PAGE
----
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Oh, Hello on Broadway” doesn’t look much like most shows on Broadway at the moment — and neither does its audience.

That’s a headturner on Broadway, where the prime demo has long been middle-aged women. The younger-skewing male tickeybuyer represents something of a holy grail for much of the Street — but “Oh, Hello” suggests that it’s an audience that’s within reach for the right show.

The property already had a profile with that younger male demo, thanks to a running series of skits in which comics Nick Kroll and John Mulaney established the characters of Upper West Side altacockers Gil Faizon and George St. Geegland (and their signature prank, “Too Much Tuna”). Live engagements around the country (including a buzzy Off Broadway run) showed crowds would turn out in person for the show, too.

The challenge lay in getting them to show up for Broadway, where the usual marketing spends don’t typically overlap with the media habits of young, digital-savvy millennials. “A full page ad in the New York Times didn’t make any sense for our show,” said Marcia Goldberg, who produced “Oh, Hello” on Broadway with Patrick Catullo (“Fully Committed”).

So the production announcement came not through the usual outlets favored by theater avids, but on Facebook Live in partnership with Funny or Die. The online appearance was supposed to last ten minutes, but it stretched to 40 — and it worked.

“We sold more than $250,000 in tickets in 48 hours, and we spent about $300,” said Catullo.

Erin Daigle, the associate director of digital media and analytics at Broadway ad agency Serino Coyne, reports that after that first announcement, 80% of visitors to the show’s website were men below the age of 34. And whereas most Broadway shows see sales spikes after appearances on morning shows like “Good Morning America” and “CBS Sunday Morning,” “Oh, Hello” got its big boost in traffic from a September stop at “The Tonight Show Starring Jimmy Fallon.”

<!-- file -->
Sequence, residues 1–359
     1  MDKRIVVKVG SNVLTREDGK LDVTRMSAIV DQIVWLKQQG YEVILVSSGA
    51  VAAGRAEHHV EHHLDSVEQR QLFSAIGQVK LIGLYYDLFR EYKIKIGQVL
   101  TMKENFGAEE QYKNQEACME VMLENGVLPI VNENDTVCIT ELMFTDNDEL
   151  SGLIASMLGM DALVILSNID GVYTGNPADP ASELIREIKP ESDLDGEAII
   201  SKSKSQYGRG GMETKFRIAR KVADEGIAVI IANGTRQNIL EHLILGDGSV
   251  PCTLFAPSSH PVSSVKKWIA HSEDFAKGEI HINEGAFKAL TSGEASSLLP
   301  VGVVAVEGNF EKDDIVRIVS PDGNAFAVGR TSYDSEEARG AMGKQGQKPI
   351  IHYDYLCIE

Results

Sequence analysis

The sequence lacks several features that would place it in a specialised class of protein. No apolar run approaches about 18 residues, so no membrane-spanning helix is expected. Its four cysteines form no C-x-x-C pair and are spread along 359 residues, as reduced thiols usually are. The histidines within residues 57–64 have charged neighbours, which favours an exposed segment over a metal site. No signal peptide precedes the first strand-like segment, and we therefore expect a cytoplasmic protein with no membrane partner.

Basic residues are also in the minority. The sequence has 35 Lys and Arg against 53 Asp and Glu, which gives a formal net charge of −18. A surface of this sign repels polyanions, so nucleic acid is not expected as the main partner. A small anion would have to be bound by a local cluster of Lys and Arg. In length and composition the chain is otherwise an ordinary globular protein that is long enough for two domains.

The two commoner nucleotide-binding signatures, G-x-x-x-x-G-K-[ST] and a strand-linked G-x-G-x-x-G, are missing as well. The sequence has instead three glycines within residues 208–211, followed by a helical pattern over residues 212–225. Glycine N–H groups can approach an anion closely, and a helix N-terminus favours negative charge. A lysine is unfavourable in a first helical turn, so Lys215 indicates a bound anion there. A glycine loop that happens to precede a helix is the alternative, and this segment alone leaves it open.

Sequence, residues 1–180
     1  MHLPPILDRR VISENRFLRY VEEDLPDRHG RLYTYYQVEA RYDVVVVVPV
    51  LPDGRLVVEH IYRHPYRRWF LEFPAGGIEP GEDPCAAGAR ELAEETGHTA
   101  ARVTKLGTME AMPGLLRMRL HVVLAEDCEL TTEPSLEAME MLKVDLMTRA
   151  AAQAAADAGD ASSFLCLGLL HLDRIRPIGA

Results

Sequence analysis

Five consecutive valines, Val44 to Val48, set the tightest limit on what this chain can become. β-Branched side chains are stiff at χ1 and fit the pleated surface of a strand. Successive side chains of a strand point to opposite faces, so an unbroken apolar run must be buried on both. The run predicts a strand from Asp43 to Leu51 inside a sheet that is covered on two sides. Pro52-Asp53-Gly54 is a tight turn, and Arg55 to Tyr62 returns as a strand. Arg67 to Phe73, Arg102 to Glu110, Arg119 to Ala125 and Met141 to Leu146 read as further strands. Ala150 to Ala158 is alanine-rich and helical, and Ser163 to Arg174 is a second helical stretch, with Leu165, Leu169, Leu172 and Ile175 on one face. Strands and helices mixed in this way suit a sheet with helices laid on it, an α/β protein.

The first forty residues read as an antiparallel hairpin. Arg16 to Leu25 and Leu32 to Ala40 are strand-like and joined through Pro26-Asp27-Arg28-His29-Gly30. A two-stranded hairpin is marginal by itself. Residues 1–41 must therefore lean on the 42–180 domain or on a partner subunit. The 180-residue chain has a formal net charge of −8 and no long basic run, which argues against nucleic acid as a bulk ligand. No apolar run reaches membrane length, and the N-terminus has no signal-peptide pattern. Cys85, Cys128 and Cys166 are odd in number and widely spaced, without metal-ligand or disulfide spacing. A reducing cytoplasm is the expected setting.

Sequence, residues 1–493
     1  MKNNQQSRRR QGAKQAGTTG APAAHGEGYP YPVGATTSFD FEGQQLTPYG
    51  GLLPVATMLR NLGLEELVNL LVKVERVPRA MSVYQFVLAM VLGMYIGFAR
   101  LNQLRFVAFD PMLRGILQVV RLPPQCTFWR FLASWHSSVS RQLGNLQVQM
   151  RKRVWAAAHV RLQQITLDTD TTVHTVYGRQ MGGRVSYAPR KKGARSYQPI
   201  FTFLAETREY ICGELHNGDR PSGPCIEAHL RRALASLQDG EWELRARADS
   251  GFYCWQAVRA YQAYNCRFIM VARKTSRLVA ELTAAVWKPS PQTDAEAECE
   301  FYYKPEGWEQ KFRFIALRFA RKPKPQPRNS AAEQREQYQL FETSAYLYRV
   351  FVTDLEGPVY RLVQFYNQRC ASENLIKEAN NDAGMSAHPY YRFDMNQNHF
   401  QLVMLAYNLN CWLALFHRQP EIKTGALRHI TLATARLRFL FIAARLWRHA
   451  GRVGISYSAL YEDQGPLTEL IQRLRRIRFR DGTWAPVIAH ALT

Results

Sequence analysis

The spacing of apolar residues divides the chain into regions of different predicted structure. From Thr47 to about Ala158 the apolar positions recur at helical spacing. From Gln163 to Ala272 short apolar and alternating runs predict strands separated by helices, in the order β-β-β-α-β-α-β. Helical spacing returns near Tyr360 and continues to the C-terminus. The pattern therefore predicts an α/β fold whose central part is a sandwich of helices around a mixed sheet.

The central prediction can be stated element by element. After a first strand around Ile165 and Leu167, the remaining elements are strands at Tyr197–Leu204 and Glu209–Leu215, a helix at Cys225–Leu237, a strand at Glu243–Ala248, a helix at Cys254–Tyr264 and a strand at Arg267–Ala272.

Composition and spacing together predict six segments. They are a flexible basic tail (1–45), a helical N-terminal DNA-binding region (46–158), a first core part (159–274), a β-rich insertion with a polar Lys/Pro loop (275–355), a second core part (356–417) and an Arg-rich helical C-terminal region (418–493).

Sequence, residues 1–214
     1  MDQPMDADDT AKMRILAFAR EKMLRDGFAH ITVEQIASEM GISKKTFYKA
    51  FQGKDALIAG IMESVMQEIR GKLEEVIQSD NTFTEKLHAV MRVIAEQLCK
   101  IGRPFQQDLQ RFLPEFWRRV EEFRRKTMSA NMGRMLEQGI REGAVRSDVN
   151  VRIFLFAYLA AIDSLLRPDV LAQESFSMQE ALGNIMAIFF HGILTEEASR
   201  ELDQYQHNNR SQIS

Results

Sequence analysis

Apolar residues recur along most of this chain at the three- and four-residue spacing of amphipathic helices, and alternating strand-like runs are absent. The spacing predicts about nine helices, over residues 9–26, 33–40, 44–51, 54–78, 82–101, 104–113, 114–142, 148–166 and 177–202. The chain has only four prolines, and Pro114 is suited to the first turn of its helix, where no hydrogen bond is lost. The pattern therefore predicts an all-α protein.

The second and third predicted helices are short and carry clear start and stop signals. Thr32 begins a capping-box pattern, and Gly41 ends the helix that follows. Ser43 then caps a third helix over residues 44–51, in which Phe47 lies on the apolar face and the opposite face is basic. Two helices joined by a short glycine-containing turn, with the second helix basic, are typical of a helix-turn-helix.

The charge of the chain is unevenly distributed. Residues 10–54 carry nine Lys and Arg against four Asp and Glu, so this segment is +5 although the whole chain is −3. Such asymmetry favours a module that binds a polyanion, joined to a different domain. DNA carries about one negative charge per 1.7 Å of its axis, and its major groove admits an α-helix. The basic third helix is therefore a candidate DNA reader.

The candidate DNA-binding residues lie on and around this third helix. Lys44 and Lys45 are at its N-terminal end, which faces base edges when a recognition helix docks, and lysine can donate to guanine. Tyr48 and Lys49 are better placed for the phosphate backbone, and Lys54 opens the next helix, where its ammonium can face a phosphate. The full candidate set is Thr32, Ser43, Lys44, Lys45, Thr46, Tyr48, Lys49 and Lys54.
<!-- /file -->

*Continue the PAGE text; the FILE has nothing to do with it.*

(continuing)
At the box office, lower-price balcony seats tended to go first, with seats in the mezzanine and the orchestra filling in later, according to show’s the producers. That’s the opposite of the traditional buying pattern, which sees core Broadway fans snatch up orchestra locations first before audiences spread up to the mezz.

After the show’s Oct. 10 opening, most of the city’s theater critics gave the show a thumbs-up, which piqued the interest of the traditional theatergoing demo — led by middle-aged women, who make the majority of Broadway purchasing decisions.

Even so, it remains to be seen whether the $2.9 million staging of “Oh, Hello” will make any money. The show’s weekly grosses topped $600,000 on Thanksgiving week, and over the last several weeks have rung in at more than $500,000. With the production scheduled to close Jan. 22, recoupment is a definite possibility, producers says, but not a certainty.

They aim to keep the momentum going with digital ad buys with outlets that cater to cord-cutting millennials, like Comedy Central and Hulu. The show also gets booster-shots of promotion with online videos (sometimes released through outlets like Funny or Die and Vulture) of the celebrity guests who turn up for the show’s nightly “Too Much Tuna” segment. Among recent visitors: Chris Pratt, Cara Delevingne and Stephen Colbert.